SMALL BUSINESS
06/04/2013 03:26 pm ET | Updated Jun 04, 2013

Cronut Copycats Go Global, 'Doissants,' And More Awkwardly Named Pastries Appear Outside NYC

It didn’t take long. The Cronut copycats are here.

Dominique Ansel's bakery in New York City introduced a doughnut-croissant hybrid just three weeks ago. And Manhattan quickly grew obsessed, forcing the shop to reportedly staff up to meet demand and impose a three cronut-per-customer limit, as customers line up for the chance to spend $5 for a single sugary pastry.

Now cronut knockoffs are popping up in cities around the world, according to Grub Street.

Chocolate Crust, a Washington, D.C. bakery, is experimenting with recipes for its own version of the deep-fried treat, it said in a Facebook post. The bakery will call them “doissants,” since Ansel trademarked "cronut," blocking copycats from using his catchy moniker.

In Melbourne, Australia, baker Michael James of South Yarra's MoVida Bakery launched a Twitter competition to crowdsource the name for its new half-doughnut, half-croissant pastry. Among the names suggested: “the croisnut” and “the crodough.”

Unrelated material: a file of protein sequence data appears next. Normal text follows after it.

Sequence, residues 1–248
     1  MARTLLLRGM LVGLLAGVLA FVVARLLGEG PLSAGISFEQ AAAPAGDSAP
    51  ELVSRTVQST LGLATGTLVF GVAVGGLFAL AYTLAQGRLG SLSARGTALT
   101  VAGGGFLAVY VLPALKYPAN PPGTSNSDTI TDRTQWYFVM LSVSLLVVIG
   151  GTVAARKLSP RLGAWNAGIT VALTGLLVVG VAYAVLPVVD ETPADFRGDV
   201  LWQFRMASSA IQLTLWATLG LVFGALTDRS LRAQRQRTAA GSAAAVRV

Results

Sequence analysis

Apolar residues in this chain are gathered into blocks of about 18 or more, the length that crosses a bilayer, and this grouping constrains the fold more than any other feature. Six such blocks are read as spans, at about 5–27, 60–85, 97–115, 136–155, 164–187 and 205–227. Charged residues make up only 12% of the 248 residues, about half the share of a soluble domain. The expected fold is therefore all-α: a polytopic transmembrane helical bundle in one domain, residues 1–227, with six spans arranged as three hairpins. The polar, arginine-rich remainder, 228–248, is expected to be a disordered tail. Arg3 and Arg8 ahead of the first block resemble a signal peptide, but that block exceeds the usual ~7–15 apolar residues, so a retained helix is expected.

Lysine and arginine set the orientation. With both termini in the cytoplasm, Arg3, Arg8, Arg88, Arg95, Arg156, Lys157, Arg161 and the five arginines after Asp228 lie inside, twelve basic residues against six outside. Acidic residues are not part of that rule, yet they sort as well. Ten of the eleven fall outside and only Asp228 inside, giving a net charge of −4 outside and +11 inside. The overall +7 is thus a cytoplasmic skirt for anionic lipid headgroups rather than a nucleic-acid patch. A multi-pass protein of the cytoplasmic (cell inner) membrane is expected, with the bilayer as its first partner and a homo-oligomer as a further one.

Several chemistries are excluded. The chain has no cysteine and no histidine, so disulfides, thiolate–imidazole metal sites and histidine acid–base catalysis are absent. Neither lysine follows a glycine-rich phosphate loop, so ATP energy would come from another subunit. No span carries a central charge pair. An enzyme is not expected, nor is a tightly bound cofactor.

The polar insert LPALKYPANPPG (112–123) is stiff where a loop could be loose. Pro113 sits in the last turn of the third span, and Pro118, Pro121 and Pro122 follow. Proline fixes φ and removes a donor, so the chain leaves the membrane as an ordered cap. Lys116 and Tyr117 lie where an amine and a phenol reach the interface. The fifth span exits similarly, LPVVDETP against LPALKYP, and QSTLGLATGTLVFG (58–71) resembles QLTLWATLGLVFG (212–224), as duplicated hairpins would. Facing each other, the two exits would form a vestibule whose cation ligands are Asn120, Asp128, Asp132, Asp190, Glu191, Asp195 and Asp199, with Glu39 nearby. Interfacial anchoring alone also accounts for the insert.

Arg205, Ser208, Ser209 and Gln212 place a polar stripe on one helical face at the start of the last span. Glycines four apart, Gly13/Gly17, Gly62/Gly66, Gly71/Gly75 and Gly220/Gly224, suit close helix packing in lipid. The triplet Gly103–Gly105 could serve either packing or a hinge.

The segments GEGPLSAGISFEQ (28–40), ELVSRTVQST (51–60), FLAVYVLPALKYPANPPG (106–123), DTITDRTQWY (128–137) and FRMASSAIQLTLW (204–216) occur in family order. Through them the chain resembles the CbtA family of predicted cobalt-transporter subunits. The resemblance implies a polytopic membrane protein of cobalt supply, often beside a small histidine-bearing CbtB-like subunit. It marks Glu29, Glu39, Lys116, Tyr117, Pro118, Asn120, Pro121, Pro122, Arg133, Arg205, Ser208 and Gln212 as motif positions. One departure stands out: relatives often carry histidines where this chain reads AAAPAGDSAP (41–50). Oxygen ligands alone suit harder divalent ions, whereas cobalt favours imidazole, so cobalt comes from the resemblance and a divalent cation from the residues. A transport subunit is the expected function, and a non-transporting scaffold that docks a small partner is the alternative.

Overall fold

If all this sounds a little too high-end, there's always Dunkin' Donuts. Gawker called the fastfood chain's new bacon-egg-doughnut sandwich the “cronut for the 99%.” On Friday, Dunkin Donuts will start selling the 360 calorie sandwich nationwide for just $2.99.

Ansel no doubt achieved certain benefits by being first-to-market: among them, mounds of media attention in the food world and exclusive rights to his invention’s clever name through the trademark.

But he does not appear to be interested in reaping other first-to-market benefits. Despite the apparent success of the trend he inspired, Ansel says he does not want to turn his bakery into a “cronut shop.”

“The [store] is very precious to me,” he told New York Magazine. “I don't want to see it scaled out and lose its charm…Will we expand? Yes, sure. But in a different and more creative way than just punching out the same model.”

Ansel’s refusal to “sell out” has led to another interesting development: a cronut black market. The cronut scarcity has prompted entrepreneurial foodies to start scalping the $5 pastry for as much as $40 a pop, Bloomberg food critic Ryan Sutton discovered.

So whose cronut is the fairest in the land? Only time, and taste buds, will tell.

In the meantime, however, cronut enthusiasts had some creative suggestions for what they’d like to see next. One Twitter user suggested a vegan cronut.

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